having -- knowing they are being recorded is going to be this thing that

changes their behavior, and it actually just doesn`t, right, that, like, it

doesn`t happen.

When we look at 2020, the police actually killed more people in 2020 than

every year but 2018. And it`s just increasing. And you think about

California. California`s one of the 21 states that has an officer bill of

rights. And imagine if you had a job where you knew you weren`t going to

get fired and you knew it was almost impossible to get charged with a crime

or convicted.

That`s police. So, this was -- these are sheriffs, the sheriff`s deputy`s

office. It`s like it is -- we are living in the Wild Wild West of policing

that the media coverage of last year made people think that something was

getting better, but all the data we look at says the exact opposite.

In this case, it`s also a reminder that the vast majority of encounters

that lead to police killings are not even cases where there is suspected

violence happening in the first place. The police would like you to believe

that violence is happening and, therefore, they had to be violent. Like,

that`s sort of the narrative.

But most of the cases look something like this, where somebody`s minding

their own business, the police create the confrontation that leads to

something else. And it`s only when people demand some sort of footage or

anything that we know anything happened And yet these officers, I think,

are back on duty. They`re not even -- what happened? They`re back on duty.

That`s wild.

MELBER: Yes, John, some people see some of these interactions and say,

well, why wasn`t the individual more compliant? Why did they push back at

all?

What do you see as what is in or missing in the police operational conduct?

Because, as I pointed out in our report, they don`t begin by even

identifying whether the person`s under arrest or not. If you`re not under

arrest in America, you may walk wherever you choose, because you`re not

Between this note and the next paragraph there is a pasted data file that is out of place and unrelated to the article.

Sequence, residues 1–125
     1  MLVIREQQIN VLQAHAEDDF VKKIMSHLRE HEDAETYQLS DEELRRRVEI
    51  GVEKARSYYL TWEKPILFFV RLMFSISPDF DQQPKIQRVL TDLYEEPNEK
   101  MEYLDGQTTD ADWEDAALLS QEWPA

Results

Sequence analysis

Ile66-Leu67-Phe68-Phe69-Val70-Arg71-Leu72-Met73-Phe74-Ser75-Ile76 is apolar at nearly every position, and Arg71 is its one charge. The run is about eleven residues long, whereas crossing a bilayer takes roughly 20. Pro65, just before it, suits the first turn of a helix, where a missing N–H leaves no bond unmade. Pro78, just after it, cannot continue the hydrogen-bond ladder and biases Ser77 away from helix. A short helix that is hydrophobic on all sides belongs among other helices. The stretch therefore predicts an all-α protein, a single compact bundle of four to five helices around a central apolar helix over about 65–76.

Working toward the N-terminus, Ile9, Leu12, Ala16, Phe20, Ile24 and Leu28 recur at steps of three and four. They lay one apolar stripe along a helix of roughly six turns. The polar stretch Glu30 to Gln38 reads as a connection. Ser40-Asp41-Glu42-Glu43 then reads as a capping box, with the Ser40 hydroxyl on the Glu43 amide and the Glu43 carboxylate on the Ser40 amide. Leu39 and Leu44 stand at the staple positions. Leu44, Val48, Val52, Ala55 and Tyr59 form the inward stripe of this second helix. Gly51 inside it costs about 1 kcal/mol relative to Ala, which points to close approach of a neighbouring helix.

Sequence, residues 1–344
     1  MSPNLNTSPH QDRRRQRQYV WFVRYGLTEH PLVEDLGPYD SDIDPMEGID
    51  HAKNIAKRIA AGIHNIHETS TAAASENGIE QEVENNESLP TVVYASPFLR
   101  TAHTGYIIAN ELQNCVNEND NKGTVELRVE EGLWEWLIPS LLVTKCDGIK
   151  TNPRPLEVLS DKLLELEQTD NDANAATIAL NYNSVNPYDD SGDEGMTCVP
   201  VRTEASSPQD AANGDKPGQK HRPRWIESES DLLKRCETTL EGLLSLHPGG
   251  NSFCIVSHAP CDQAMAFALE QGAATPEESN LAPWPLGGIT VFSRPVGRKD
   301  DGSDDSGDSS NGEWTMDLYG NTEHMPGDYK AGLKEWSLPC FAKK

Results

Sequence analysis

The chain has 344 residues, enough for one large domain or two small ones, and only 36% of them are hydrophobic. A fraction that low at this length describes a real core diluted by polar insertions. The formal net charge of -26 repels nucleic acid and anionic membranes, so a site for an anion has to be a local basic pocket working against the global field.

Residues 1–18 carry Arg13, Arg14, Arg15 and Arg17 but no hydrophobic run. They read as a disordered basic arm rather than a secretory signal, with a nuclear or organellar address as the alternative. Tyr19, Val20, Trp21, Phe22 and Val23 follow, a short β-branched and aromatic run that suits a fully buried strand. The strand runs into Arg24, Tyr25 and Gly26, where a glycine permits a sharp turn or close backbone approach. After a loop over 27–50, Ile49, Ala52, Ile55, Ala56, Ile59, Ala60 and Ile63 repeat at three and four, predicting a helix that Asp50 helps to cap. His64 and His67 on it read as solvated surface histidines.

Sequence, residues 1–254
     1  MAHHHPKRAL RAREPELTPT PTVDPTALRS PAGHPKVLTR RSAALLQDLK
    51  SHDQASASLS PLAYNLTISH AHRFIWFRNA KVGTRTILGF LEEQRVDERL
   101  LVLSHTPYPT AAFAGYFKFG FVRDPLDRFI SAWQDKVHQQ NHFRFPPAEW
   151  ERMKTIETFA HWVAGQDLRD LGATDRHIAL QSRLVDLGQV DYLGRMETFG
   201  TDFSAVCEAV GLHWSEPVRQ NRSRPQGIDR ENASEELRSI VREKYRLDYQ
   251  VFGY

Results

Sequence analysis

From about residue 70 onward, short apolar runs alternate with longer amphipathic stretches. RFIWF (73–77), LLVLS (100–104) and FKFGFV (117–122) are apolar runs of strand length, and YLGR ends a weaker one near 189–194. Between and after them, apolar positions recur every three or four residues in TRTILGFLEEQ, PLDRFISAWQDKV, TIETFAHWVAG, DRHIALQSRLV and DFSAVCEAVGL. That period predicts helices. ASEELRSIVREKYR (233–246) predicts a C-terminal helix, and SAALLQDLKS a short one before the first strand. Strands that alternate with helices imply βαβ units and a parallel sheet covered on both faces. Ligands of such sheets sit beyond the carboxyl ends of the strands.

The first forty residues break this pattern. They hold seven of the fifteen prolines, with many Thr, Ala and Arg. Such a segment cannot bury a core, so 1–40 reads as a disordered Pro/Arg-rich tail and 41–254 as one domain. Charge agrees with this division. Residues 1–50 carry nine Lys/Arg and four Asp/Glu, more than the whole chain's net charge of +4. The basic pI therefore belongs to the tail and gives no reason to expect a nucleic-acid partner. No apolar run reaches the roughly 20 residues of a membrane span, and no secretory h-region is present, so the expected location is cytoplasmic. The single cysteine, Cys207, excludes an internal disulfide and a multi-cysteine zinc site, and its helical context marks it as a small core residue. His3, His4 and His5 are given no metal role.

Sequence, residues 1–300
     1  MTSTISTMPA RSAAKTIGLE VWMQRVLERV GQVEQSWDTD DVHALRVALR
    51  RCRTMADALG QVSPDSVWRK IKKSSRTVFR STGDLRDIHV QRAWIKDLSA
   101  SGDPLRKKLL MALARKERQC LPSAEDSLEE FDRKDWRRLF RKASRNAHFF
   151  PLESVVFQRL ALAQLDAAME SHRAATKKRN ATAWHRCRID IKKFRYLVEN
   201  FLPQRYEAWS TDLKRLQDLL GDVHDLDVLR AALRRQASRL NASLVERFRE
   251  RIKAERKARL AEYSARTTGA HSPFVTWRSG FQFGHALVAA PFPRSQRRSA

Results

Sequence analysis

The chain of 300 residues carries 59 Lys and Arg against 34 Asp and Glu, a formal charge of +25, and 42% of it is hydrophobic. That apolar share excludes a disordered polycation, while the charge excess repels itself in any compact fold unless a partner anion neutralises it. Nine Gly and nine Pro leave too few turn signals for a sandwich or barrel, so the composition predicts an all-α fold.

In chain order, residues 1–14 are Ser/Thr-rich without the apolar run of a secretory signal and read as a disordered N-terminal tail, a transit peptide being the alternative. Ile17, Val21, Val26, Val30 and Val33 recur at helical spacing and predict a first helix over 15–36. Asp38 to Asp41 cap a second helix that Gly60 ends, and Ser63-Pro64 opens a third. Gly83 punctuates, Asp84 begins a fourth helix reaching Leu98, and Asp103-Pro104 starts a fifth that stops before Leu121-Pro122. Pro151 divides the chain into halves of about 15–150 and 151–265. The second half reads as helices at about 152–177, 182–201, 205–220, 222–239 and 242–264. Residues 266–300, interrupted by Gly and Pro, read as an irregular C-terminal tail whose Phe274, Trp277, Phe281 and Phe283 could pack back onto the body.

under arrest.

If you are under arrest, the police rules are, it has to be identified and

then you proceed from there. What did you think about the way they

initiated that aspect, even before it got to force?

TAYLOR: Well, that`s -- and that`s the problem, is that they have a

disagreement between each other, where one saying, he`s jaywalking or there

it is.

And the other officer says, no, it`s not. And then they have this debate.

Don`t make case law, Gabriel, where he`s saying, this is a Mickey Mouse

thing that we`re going to do to even stop and talk to this guy. And so

unless the person can sense to stop and talk, you don`t have to stop.

The police stop there and want to talk to you, if you have done nothing and

there`s no reasonable suspicion that a crime`s been committed, you can walk

away. And if -- just run this whole tape again and make the person white,

and this stop doesn`t happen, and the shooting doesn`t happen.

MCKESSON: Correct.

TAYLOR: What`s -- and the invitation to stop really isn`t that inviting.

Both of these officers are wearing their rubber gloves when they get out of

the car. And in the third person`s video, the cell phone video, the officer

to the left is clearly seen holding his Taser. And so Mr. Reinhold, who`s

been standing there minding his own business, is now confronted with two

officers who are approaching him.

They`re cutting him off from the where he`s moving to. They raise and

escalate their voices. And the one officer, as I said, so the officer to

the right, in his left hand is his Taser. And so it seems like they have an

intention to go put their hands on this person.

They have no reason. And he -- Kurt Reinhold tries to understand where

they`re coming from. He asks, why are you touching me? Why are you stopping

me? And then says, keep your hands off me, keep your hands off me.

And, instead, the officer, the deputy persists and persists. And then, with

no plan, no warning or discussion between themselves, they just take him to

the ground. And once they go to the ground...

MELBER: Yes. Well, so...

TAYLOR: ... it`s all off.

MELBER: Right.

And I have about -- I have got 30 seconds left.

John`s case turns on what he can prove in court about what was wrong with

this legally.

DeRay, with 30 seconds, what`s the policy -- whether this was technically

illegal under current law or not, what`s your view of a policy problem if

the police interaction here is what creates the danger, and, otherwise,

there wasn`t danger?

MCKESSON: Yes, so I think the question is, what will the governor and the

legislature do, is that they should repeal the officer bill of rights

tomorrow.

They could enhance disciplinary sanctions for officers tomorrow. We could

limit the power of sheriffs, so that they don`t have, like, wanton power to

do whatever they want in communities. All that stuff is possible.

But, in California, the Democrats get a lot of money from the police, so

will they actually push back against their power? That`s the question. But

the government has a lot of power. The legislature, they have power to make

substantive change today. The question is, will they?

MELBER: Yes.

DeRay McKesson and John Taylor, thanks to both of you for joining us.

There`s a lot going on, but this is a story we have been reporting that we

will stay on.

I want to thank you for spending time with us here on THE BEAT WITH ARI

MELBER. I`ll see you tomorrow at 6:00 p.m. Eastern.

"THE REIDOUT WITH JOY REID" is up next.

THIS IS A RUSH TRANSCRIPT. THIS COPY MAY NOT BE IN ITS FINAL FORM AND MAY

BE UPDATED.

END